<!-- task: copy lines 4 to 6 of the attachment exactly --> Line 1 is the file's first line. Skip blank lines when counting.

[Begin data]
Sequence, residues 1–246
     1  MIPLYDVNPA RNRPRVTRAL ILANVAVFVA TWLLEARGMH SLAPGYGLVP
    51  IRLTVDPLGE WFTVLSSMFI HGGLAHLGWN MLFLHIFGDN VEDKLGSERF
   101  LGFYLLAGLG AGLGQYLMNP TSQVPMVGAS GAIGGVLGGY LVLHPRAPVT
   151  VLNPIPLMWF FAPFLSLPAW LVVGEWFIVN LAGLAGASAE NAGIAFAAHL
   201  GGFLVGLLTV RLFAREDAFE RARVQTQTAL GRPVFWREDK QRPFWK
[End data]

   101  LGFYLLAGLG AGLGQYLMNP TSQVPMVGAS GAIGGVLGGY LVLHPRAPVT
   151  VLNPIPLMWF FAPFLSLPAW LVVGEWFIVN LAGLAGASAE NAGIAFAAHL
   201  GGFLVGLLTV RLFAREDAFE RARVQTQTAL GRPVFWREDK QRPFWK